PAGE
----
I really only started using indicators on stillwater quite recently….just a few years ago. I have used them on streams since the early 1980’s, and have written about them extensively, but somehow I had a complete blind spot when it came to using them on stillwaters. What I find unusual is that I viewed an Orvis video recently in which Tom Rosenbauer said that using indicators on stillwater is considered bog standard in the USA. Speaking in the context of my own friends and colleagues over the last twenty years, that has definitely not been the case here in South Africa. While a few of my buddies do use them on stillwater, I believe that many of us do have a blind spot.
If you happen to have a similar blind spot, consider these applications:
- 1. You are using a midge pattern during a hatch, and you seem to have hit it right: a #12 black suspender midge. You are catching fish every few casts. The fly becomes more and more waterlogged, and the hatch is coming to an end. You stop catching fish. It is because the midge is sinking below where the fish are. You are fishing a 2 fly rig, and you don’t have the time or energy to change to a fresh fly. Rig an indicator heavy enough to hang the fly under, cast out, and start catching again.
- 2. It is spring and the lake you are fishing has just filled up some. The trout have moved right up into the cattails and you are experiencing swirls right into the grass off to your right. You cast out there, but the wind is drifting your fly into the shore, and you cant quite see when your fly gets close, so you are possibly lifting the fly off way too early for fear of catching the vegetation. Put on an indicator to se exactly where your fly is in the chop.
- 3. You are fishing into the silvery surface of water in low light, to rises. You can see the odd rise, and you cast there, but light conditions are such that you just can’t see if your fly is landing in the right zone. Put on a black indicator for maximum contracts, and use it to see where the fly is landing at the end of a long cast.
- 4. You are fishing a peeping caddis under an indicator. As the clouds come and go, you can sometimes see the orange yarn, and other times it seems invisible in the wavelets. Pull it in, remove a few orange fibres and replace them with brilliant green, white, red or black, to get a bi-colour indicator that you will be able to see one way or another.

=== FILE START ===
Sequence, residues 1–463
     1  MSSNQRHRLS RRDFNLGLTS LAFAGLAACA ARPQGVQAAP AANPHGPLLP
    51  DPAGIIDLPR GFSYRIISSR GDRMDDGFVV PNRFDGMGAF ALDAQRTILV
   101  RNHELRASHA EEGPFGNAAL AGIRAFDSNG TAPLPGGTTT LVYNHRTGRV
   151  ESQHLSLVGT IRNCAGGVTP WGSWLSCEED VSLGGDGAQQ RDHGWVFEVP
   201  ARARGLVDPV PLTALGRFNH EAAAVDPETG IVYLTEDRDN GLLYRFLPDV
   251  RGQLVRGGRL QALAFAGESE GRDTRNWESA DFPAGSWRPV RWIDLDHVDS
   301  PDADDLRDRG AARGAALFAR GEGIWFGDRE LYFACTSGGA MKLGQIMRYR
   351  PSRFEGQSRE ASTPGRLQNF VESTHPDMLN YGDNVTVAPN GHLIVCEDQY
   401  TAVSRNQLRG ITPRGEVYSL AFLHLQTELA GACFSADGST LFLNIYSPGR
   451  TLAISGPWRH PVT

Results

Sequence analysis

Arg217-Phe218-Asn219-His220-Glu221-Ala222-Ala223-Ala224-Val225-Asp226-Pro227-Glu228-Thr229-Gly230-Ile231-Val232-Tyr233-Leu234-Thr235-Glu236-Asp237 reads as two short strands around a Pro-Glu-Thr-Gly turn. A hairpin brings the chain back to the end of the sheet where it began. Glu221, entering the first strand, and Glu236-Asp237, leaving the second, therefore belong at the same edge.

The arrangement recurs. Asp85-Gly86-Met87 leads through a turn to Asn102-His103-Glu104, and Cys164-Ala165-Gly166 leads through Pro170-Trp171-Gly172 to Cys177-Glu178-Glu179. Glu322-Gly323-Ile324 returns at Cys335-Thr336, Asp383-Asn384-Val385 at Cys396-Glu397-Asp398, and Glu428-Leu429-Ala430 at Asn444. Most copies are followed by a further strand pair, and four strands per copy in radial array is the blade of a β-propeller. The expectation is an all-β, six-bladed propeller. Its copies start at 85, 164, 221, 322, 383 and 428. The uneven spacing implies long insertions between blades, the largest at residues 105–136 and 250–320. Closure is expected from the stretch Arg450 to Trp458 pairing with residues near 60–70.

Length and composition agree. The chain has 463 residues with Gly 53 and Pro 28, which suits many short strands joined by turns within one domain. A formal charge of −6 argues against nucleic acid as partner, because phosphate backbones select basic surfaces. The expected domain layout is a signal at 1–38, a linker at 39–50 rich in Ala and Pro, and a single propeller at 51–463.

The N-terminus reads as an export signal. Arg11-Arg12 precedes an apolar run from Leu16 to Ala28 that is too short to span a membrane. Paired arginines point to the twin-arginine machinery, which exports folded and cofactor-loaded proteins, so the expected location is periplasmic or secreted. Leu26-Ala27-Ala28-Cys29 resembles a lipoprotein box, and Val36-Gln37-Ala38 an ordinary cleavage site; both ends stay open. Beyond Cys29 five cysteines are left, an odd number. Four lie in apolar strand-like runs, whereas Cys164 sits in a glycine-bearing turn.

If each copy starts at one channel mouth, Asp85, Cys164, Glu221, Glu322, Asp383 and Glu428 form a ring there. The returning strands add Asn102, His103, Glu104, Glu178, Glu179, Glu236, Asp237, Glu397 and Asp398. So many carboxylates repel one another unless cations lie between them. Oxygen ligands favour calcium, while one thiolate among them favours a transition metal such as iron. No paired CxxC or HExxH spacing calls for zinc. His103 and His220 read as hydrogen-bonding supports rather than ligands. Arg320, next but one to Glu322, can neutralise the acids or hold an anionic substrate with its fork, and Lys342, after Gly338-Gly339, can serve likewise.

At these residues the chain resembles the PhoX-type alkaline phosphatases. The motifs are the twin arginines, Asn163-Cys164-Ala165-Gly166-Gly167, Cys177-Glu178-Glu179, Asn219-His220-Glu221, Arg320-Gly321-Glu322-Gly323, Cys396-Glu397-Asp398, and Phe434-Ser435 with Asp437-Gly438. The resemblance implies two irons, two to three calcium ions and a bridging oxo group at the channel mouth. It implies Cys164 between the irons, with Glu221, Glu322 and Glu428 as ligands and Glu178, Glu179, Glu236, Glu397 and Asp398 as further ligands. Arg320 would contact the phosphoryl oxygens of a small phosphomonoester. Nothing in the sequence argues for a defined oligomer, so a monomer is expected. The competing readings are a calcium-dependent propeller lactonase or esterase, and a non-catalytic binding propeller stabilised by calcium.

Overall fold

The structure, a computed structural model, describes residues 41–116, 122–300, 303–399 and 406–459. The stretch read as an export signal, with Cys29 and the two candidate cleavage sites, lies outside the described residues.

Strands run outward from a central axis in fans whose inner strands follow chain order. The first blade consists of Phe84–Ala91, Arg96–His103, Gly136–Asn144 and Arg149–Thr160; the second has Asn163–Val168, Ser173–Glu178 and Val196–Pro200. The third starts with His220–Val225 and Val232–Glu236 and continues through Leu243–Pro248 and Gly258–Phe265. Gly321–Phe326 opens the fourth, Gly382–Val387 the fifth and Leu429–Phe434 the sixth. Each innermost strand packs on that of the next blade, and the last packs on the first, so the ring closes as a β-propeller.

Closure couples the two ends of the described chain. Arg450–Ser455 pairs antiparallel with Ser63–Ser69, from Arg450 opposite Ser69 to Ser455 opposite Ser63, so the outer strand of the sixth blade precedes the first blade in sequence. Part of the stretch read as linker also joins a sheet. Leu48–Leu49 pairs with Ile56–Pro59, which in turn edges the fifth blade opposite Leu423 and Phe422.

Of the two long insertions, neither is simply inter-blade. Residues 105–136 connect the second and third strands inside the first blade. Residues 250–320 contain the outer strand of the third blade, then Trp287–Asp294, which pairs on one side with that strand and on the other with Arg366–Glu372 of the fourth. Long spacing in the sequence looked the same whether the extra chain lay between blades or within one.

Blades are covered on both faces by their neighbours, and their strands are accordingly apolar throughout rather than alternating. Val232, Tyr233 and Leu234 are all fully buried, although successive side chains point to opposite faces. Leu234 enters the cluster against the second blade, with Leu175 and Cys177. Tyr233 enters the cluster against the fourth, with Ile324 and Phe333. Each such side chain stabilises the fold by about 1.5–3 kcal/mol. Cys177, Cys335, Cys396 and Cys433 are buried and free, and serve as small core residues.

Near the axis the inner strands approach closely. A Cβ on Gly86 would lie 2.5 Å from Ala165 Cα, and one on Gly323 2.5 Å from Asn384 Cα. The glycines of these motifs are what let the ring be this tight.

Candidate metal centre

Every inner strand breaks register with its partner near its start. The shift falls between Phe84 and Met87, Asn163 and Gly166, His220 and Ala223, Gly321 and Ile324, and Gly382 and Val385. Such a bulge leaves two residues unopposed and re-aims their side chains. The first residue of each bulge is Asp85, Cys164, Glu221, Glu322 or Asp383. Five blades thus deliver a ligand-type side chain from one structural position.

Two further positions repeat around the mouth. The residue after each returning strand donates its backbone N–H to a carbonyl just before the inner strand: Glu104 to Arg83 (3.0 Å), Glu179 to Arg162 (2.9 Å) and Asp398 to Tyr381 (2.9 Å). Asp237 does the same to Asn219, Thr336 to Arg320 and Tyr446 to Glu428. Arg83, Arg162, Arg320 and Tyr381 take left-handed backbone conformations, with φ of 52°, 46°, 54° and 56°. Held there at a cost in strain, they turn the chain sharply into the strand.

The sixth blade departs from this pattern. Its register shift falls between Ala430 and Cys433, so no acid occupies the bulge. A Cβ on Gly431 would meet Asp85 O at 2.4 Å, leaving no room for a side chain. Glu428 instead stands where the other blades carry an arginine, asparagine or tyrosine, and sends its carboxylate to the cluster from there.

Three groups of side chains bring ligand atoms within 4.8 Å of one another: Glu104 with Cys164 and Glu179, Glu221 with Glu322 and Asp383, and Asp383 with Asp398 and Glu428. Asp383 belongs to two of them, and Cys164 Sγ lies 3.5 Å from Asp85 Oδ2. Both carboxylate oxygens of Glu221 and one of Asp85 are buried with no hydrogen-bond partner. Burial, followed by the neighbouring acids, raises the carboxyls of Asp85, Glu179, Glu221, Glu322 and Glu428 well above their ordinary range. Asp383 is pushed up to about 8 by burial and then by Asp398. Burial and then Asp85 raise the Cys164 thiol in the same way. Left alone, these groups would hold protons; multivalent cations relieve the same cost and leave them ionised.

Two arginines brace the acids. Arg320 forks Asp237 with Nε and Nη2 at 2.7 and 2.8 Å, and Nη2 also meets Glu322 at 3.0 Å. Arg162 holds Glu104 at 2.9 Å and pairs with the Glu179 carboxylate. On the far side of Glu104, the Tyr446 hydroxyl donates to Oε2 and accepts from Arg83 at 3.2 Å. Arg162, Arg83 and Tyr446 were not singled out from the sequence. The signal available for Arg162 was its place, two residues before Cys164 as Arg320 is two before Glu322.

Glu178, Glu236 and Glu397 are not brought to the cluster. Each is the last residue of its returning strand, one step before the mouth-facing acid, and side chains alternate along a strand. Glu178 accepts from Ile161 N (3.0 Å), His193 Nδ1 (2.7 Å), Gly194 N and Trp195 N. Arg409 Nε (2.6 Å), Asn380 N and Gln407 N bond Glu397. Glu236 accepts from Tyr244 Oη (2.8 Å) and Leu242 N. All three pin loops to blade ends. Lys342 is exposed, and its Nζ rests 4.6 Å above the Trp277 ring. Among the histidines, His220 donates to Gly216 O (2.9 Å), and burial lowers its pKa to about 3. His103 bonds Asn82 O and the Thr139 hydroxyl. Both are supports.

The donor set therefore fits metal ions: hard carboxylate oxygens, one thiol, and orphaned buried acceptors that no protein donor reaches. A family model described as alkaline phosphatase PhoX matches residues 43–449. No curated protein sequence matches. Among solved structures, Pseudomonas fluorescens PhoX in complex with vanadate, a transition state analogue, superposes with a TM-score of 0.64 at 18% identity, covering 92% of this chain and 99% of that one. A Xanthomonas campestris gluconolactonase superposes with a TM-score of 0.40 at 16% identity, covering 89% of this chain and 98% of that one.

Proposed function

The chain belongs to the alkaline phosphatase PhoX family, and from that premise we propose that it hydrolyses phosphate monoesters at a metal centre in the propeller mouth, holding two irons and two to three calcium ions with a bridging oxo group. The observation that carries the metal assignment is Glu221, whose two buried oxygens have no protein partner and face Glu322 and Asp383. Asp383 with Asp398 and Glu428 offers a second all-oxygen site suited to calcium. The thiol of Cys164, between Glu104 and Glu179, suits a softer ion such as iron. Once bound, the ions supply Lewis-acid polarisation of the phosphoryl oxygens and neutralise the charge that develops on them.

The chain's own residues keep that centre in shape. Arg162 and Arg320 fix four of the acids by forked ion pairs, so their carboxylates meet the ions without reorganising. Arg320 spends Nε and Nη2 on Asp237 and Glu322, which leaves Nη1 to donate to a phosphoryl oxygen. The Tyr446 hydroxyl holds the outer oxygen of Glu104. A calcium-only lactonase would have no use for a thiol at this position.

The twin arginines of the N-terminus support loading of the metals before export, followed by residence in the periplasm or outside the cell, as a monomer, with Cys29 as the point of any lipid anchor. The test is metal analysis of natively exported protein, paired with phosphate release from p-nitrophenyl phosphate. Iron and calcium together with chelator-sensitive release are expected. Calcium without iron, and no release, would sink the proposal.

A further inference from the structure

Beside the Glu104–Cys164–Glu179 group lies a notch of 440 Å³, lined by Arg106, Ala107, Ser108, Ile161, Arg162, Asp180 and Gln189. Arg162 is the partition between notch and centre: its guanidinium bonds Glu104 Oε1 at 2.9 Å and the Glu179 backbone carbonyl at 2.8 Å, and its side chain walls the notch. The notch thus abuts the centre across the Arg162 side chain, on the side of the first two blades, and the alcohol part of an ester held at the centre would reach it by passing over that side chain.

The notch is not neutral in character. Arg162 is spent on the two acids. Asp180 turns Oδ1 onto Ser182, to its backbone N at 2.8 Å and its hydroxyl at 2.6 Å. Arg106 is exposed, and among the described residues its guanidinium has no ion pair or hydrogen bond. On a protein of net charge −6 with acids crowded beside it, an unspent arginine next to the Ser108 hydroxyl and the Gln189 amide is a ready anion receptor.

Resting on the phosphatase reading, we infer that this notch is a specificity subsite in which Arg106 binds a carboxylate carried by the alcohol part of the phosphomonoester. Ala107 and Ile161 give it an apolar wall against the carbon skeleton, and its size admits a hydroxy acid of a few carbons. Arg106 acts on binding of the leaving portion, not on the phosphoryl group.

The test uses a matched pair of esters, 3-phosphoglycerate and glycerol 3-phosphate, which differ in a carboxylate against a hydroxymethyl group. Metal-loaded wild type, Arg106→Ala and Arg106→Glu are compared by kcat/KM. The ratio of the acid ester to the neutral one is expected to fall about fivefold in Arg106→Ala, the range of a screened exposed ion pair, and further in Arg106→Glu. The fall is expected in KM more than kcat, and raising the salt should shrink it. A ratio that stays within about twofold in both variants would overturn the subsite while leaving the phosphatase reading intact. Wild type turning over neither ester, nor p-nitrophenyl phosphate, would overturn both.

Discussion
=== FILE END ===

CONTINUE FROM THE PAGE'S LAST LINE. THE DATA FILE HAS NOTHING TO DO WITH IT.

- 5. You are fishing in shallow water to skittish cruising trout. They seem to spook each time you cast, but recover soon after and feed again. The problem is, by the time they start feeding again, the sub surface nymph you are using to imitate what they are taking, has sunk onto the bottom, and they are all looking up. Add an indicator to suspend the fly where you want it, cast out and leave it for a very long while. When the fish come back on the feed your fly is amongst them, at the right depth, AND you can see where it is.
- 6. I have written before that hanging a fly under an indicator in stream fishing is often a cause of drag, and that I prefer to use a loose arrangement, with the fly not dangling below an oversize indicator that has the flotation to suspend it. I stick by that, but on stillwaters, and of course with only subtle currents, I have great success doing exactly that: Hanging the fly at the required depth under an indicator.
- 7. I always preferred to use a dropper dry combo, using the dry (normally a DDD) as the indicator. The merit of using a yarn indicator instead of the DDD is simply that you can put it on really fast, and you can choose the colour (including bi-colour as described above).
- 8. On a lake you are often casting a long distance. When casting to rising fish with a small dry, you might not be able to see which rise was the one to your fly. An indicator used with a tiny dry fly helps you to guess which one is yours , and hence when to strike.
- 9. We all tend to retrieve too fast when we are imitating midges or caddis or other small naturals on a stillwater, and we lose concentration. A bow-waving indicator looks so ridiculous and causes such a fish scaring wake, that it tends to save you from this bad habit.
- 10. Remember, you can use an indicator to suspend a fly at distance X below the surface, but you can also think of it differently and use it to suspend something like a chironomid lava (blood worm) at distance X off the lake bed.
- 11. Yes…you can still use an indicator with a 2 or even a 3 fly rig. And yes…there is more that can go wrong.
- 12. And the the obvious one: You are fishing into choppy water. You are of course casting further than one does on a stream, so you can’t see the leader or tippet, and you have had enough “knocks & scratches” that you believe you must be missing fish. You probably are. Put on an indicator and watch it like a hawk!
I use a New Zealand Indicator with their yarn, and l use any other interesting colours of other maker’s yarn I can find , but the above points apply whichever type of indicator system you prefer (except perhaps the flexibility of the ‘any-colours-you-want’ bi-colour thing….think about that…for me it is a deal maker/breaker). Many people will tell you that yarn indicators don’t float high enough or can’t suspend heavier flies. This is true, but I am not putting a speed-cop under my indicator…..I am putting smaller imitative patterns, and I can, within reason, add more yarn to the bunch for better flotation.
Here are some other good references on strike indicators:
Global fly fisher
Great tips for stillwater indicators. We get a pretty epic chironomid hatch where I live in Canada. I was a little reluctant to use indicators at first, but it’s really hard to argue their effectiveness.
Thanks Douglas. I think a chironomid hatch is a perfect example of a situation in which I am using an indicator more and more. The other is with a peeping caddis and a corixa/water boatman fished in tandem. Tight lines ! Andrew